Blogger Bernita, at 12:56 pm  
    Thanks for the honest assessment - I read through your Bookner/ Torgo dialogue with great humility. After receiving too many quick or curt rejections, it's easy to jump to the conclusion that the current process is flawed (rather then my manuscript/query/synopsis/choice of agent). That doesn't mean it's time to listen to the rainmaker.
    Blogger jackie, at 2:41 pm  
    What's also interesting is that the Bookner concept of peer-reviewed/rated manuscripts is not new! Bookner touts itself as a revolutionary new paradigm, but during the last manuscript display site boom (in the late 1990's through early 2000), there were several sites that had this as their gimmick. As far as I know, all are now defunct--not due to lack of writer interest (of course) but because agents and editors just didn't care.
    Anonymous victoriastrauss, at 3:37 pm  
    The really sad thing is that, in one sense, Bookner is right—the acquisition process does have a lot of problems (but they are mostly beyond the control of the editors). Of course, Bookner's "solution" does nothing to address the actual problems in publishing… except if one defines those problems in publishing as "Bookner isn't making money from the publishing industry."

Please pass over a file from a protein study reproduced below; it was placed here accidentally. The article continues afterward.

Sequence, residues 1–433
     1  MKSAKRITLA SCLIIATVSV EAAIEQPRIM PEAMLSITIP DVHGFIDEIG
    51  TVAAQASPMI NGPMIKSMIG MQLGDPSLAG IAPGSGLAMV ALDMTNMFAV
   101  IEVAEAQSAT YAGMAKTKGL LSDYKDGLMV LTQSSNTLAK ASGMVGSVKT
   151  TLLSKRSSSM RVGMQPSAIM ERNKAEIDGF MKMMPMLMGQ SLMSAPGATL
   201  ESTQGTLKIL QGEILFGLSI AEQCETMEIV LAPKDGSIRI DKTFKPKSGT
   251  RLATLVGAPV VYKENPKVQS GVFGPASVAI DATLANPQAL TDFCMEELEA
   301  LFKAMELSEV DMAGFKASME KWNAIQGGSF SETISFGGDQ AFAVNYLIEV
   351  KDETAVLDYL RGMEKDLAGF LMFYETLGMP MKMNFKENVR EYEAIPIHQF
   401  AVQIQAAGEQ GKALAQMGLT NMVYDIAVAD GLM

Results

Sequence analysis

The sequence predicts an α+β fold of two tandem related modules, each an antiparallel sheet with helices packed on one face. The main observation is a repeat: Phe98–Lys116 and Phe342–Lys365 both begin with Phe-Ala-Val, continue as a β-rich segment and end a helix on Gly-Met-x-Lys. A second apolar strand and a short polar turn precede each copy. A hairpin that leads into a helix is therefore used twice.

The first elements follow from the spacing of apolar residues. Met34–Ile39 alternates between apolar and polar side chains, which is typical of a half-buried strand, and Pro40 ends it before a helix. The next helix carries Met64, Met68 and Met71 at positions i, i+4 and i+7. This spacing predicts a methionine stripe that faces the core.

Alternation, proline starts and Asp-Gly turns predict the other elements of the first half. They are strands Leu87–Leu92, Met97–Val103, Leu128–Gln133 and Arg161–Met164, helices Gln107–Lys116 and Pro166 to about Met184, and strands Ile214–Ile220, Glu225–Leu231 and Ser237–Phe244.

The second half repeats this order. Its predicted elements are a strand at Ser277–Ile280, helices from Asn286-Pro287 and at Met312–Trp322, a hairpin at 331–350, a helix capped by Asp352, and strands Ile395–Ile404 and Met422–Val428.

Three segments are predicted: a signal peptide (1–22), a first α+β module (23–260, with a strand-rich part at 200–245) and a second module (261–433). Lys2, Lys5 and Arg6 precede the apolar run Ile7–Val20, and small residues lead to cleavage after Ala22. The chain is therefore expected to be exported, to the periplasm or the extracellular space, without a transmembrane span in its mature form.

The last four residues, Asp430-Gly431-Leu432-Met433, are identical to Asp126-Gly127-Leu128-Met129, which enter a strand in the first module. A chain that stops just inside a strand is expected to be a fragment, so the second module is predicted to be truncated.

Blogger C.E. Petit, at 5:41 pm  
    It certainly has problems, but I think these are largely down to volume of submissions, and to a lesser extent the market at any given time.

    Thanks for stopping by!
    Blogger Torgo, at 5:51 pm  
    You made Miss Snark again! Yay! Be careful though, she seems to be developing a crush on you...
    Blogger Zolah, at 6:02 pm  
    Welcome back, Torgo! The long wait for your return was worth it for this post. You are dead-on right, and this coming from one of those pesky writer-type people. I'm snorting coffee right now...

    Thanks for your fab insights. Editors are just as underpaid and underappreciated as teachers--you poor soul!

    Blogger S. W. Vaughn, at 6:24 pm  
    It boggles the mind how some people interpret 'inefficient' as 'needs fixing.' There are plenty of inefficient systems that work perfectly fine.

    Same deal with seeing people as roughly equivalent -- an opinion of an unknown scribbler is treated as if it were the same as that of a well-respected editor or agent. If evaluating MS's was easy, published books would never flop.